I was sent a script by writer Tom Gallagher called Suffering Man's Charity in 2004 and I immediately wanted to do it.
I think I was in a bit of a funk about screenplays and movies, and the formulaic nature of them. Even those perceived as wacky still have a certain mandatory structure and tradition that I was beginning to feel very stifling. So I think that was one of the reasons I fell in love with Suffering Man's Charity. It is absolutely nuts and shifts between many genres and each time some new crazy thing happened I remember audibly gasping and marvelling about where the script was going to go.
So I directed and starred in Ghost Writer, as it came to be known. We shot it in LA in November and December 2006. It had its world premiere at the SXSW festival in Austin in March 2007. The film also stars David Boreanaz, Henry Thomas, Anne Heche, Karen Black, Jane Lynch and Carre Fisher.
Here's what Salon.com had to say about its opening...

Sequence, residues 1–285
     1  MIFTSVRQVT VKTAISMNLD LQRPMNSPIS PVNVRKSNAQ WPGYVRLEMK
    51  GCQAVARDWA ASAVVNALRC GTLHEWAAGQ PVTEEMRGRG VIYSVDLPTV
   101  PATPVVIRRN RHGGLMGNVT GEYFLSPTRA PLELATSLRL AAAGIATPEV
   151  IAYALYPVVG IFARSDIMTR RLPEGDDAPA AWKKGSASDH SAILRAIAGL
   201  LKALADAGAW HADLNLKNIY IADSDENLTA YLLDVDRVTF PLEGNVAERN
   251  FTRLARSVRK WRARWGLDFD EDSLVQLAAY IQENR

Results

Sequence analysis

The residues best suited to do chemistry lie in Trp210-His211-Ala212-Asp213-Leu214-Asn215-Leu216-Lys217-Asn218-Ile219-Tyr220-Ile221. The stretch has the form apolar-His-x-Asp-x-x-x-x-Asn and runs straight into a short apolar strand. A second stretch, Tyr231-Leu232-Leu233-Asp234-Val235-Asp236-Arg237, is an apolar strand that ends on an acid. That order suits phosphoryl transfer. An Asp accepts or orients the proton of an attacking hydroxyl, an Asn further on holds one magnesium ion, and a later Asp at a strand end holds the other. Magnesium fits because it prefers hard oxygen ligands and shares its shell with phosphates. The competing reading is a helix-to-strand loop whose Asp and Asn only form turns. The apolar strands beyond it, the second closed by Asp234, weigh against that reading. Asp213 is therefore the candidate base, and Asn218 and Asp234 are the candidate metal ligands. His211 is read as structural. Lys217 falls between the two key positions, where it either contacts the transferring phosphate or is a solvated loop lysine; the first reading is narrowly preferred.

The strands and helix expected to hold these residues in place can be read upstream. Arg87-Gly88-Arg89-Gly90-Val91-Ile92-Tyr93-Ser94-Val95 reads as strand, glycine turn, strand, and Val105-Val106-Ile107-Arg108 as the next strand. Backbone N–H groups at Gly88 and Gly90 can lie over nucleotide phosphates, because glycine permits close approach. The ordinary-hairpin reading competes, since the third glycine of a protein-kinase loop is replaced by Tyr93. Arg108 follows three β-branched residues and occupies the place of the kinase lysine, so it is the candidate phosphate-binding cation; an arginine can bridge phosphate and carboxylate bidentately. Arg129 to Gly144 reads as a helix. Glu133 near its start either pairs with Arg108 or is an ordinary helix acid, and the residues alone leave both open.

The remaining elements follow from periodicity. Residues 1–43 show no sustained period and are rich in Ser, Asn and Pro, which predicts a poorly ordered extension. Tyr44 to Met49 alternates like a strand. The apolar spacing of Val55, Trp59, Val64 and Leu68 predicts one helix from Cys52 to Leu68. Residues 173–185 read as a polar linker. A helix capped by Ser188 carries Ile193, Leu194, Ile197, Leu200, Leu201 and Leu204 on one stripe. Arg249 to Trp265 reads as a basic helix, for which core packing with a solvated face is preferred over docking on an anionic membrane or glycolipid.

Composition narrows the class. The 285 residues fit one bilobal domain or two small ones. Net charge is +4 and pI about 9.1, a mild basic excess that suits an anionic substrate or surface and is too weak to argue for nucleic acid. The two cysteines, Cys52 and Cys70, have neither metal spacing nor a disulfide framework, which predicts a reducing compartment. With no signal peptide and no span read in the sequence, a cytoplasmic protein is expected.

Protean Scottish actor-director Alan Cumming has premiered his new film, an outrageous horror-comedy carefully designed to offend the entire population of the planet. Those who didn't show up missed seeing Cumming himself as a queeny, middle-aged music teacher who winds up imprisoning and torturing a young hustler played by David Boreanaz (of "Angel" and "Buffy" fame), who is wearing women's underwear and tied up with Christmas lights and duct tape (oh, and heavily medicated with sleeping pills). "Suffering Man's Charity" is just that kind of movie: It opens as if it's going to be a sad-sack gay comedy in a lesser Tennessee Williams mode. And then it goes completely insane. Even before we get to Boreanaz and the Christmas lighting, we've already had Anne Heche as a femme fatale New York editor and Karen Black (Karen Black!) as a drunken, slutty hag stumbling around in her underwear and making obscene promises to Boreanaz's rent-boy character. Later in the film, there's a significant splatter quotient, an appalling vehicular accident, a vindictive ghost and a truly horrible New York literary party. This film is all genres at once, and a few that don't yet exist. Given Cumming's far-reaching showbiz as a Shakespearean actor, kiddie-film villain (in "Garfield" and the "Spy Kids" series), novelist, indie director ("The Anniversary Party") and outspoken activist on gay issues, I have no doubt he can find a distributor for this willfully grotesque picture eventually. It's either a total disaster or a midnight movie cult hit in the making, and on first viewing I'm not sure which. As I told myself while I stumbled out into the steamy streets of Austin, for better or worse there was nothing like that at Sundance.